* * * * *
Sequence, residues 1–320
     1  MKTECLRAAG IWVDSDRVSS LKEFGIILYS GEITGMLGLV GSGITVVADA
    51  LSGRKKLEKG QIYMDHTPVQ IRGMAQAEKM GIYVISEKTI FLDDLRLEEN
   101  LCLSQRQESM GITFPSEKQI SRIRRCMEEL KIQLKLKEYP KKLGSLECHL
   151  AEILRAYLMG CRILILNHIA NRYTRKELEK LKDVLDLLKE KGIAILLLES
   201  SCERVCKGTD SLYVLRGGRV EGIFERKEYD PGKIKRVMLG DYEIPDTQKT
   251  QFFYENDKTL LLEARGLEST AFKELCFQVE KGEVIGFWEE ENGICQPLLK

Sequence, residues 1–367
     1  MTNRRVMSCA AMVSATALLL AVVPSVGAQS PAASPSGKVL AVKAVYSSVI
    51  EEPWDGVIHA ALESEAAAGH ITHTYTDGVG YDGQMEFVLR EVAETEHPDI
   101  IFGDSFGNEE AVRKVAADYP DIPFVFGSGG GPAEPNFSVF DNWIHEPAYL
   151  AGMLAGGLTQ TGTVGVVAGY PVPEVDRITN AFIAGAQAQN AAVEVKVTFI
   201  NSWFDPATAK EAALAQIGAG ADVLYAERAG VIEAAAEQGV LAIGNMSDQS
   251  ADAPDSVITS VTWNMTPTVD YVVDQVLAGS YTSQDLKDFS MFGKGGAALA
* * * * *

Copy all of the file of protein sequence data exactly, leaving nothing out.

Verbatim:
Sequence, residues 1–320
     1  MKTECLRAAG IWVDSDRVSS LKEFGIILYS GEITGMLGLV GSGITVVADA
    51  LSGRKKLEKG QIYMDHTPVQ IRGMAQAEKM GIYVISEKTI FLDDLRLEEN
   101  LCLSQRQESM GITFPSEKQI SRIRRCMEEL KIQLKLKEYP KKLGSLECHL
   151  AEILRAYLMG CRILILNHIA NRYTRKELEK LKDVLDLLKE KGIAILLLES
   201  SCERVCKGTD SLYVLRGGRV EGIFERKEYD PGKIKRVMLG DYEIPDTQKT
   251  QFFYENDKTL LLEARGLEST AFKELCFQVE KGEVIGFWEE ENGICQPLLK

Sequence, residues 1–367
     1  MTNRRVMSCA AMVSATALLL AVVPSVGAQS PAASPSGKVL AVKAVYSSVI
    51  EEPWDGVIHA ALESEAAAGH ITHTYTDGVG YDGQMEFVLR EVAETEHPDI
   101  IFGDSFGNEE AVRKVAADYP DIPFVFGSGG GPAEPNFSVF DNWIHEPAYL
   151  AGMLAGGLTQ TGTVGVVAGY PVPEVDRITN AFIAGAQAQN AAVEVKVTFI
   201  NSWFDPATAK EAALAQIGAG ADVLYAERAG VIEAAAEQGV LAIGNMSDQS
   251  ADAPDSVITS VTWNMTPTVD YVVDQVLAGS YTSQDLKDFS MFGKGGAALA